To be eligible to vie for any elective post in the cooperative one must be delivering at least 15 litres of milk a day. Elections are after every three years with each of the three administrative units of Sabatia scheme producing three-management committee member.
The cooperative is also a member of Baringo Agricultural Marketing Services Cooperative Society Limited (BAMSCOS).The umbrella organization formed in August 2012 is helping to facilitate farmer’s access to profitable markets for their farm produce as well as provision of production support services and championing farmer’s interest through advocacy.
Mr. Kasaon believes that despite the high cost of dairy meal products and fluctuating milk price the cooperative is on track to regain its status as one of the most successful cooperative organizations in Kenya.

Monday, 27 June 2016

As droughts worsen, Kenyan herders revive ancient grazing system

By Anthony Langat
KINNA, Kenya - In 2011, Aden Boru, a Borana pastoralist in northeast Kenya, lost 12 of his 60 cows to drought. Herders in other parts of the province were unluckier still, and lost their entire herd.
"It feels terrible when even a single cow dies but to lose all your animals means you are nothing," said Boru.
Arid Isiolo County is battling increasingly frequent and longer droughts, which can wipe out communities' entire herds. That poses serious challenges for a region where pastoralism is the main source of income.
Two Borana community leaders at Kinna in Isiolo County, Kenya. TRF/Anthony Langat

But loss of livestock among the Borana - who own land communally - is now being reduced, thanks to the reintroduction of a centuries old but abandoned traditional grazing management system, said Ibrahim Jarso, who works in Kinna - Boru's home village - for the Adaptation Consortium, an initiative funded by the U.K. Department for International Development that aims to support climate change adaptation in Kenya.
Before Kenya's independence in 1963, the Borana organised their grazing land in "Dedha" units, managed by a council of elders that worked to maintain social and political order in the group, and to resolve resource disputes among herders.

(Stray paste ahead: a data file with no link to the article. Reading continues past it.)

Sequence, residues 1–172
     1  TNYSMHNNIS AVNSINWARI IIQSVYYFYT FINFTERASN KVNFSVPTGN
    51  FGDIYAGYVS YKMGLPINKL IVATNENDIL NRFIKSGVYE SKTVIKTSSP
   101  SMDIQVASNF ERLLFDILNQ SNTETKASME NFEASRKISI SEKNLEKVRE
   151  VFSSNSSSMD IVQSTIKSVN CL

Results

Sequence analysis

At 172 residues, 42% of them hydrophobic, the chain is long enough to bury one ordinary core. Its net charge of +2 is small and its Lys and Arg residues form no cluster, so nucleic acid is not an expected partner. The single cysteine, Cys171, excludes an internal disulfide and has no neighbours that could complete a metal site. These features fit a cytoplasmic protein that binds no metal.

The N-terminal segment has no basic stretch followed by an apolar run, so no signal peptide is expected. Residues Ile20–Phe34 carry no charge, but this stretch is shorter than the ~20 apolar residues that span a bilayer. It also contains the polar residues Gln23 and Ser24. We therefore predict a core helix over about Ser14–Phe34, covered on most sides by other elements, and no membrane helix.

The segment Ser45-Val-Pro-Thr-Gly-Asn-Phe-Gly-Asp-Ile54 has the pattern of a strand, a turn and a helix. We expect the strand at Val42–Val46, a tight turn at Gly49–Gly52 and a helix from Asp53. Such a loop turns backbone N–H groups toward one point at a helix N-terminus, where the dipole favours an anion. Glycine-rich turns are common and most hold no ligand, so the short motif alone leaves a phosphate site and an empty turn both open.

When told by herders that a pasture at a given grazing area was depleting, for example, the Dedha council would summon fellow elders to decide whether to move animals to the next grazing area, and what water sources the livestock should drink from.
This system ensured that the community had enough pasture and water to withstand droughts, Jarso said.
When the country became independent in 1963, however, the Kenyan government refused to acknowledge the Dedha councils, and instead used police to manage resource disputes, he added.
With the authority of the councils waning, Boru and fellow farmers were free to take their livestock wherever they pleased. The result was often pastures and water depleted before the end of the dry season, he said.
By about 1970, the Dedha system had largely disappeared, Jarso estimated.
A revival
But in 2011, after a series of consultations enabled by the Adaptation Consortium aimed at building resilience to climate shocks, members of the Borana group decided to reintroduce Dedhas to manage grazing areas and water points.
At first, not all Kinna residents welcomed the return of the Dedha and its rules, Jarso said. But their skepticism dissipated as they saw the system's benefits, he said.
"Cases of non-compliance by Kinna locals with the Dedha are isolated," he said. "If you don't comply with community decisions you may not get protection for your livestock."
Since the Dedhas were reinstated, pastoralists in Kinna have not reported any livestock losses due to drought, Jarso said.
The Kinna Dedha council has divided its grazing fields into three areas - one for the wet season (March-May), one for the dry season (May-October), and one to tap in periods of heavy drought (if there is a lack of rainfall for two consecutive wet seasons).
In 2014, the Dedha council, with support from the Adaptation Consortium, even installed a water storage dam as a backup in case all other water options are exhausted - though Kinna residents have not yet had to use it.